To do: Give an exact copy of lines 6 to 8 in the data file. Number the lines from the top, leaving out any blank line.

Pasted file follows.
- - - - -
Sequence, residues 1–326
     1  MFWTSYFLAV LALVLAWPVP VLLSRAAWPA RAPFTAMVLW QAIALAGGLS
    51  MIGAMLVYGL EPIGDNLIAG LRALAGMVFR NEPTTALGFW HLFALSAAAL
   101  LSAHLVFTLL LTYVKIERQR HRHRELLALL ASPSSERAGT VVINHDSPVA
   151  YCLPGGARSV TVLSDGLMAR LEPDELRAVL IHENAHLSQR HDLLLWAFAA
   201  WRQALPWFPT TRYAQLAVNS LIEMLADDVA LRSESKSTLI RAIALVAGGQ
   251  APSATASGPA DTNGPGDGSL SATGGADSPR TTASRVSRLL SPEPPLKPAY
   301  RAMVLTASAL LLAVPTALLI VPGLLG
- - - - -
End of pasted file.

   201  WRQALPWFPT TRYAQLAVNS LIEMLADDVA LRSESKSTLI RAIALVAGGQ
   251  APSATASGPA DTNGPGDGSL SATGGADSPR TTASRVSRLL SPEPPLKPAY
   301  RAMVLTASAL LLAVPTALLI VPGLLG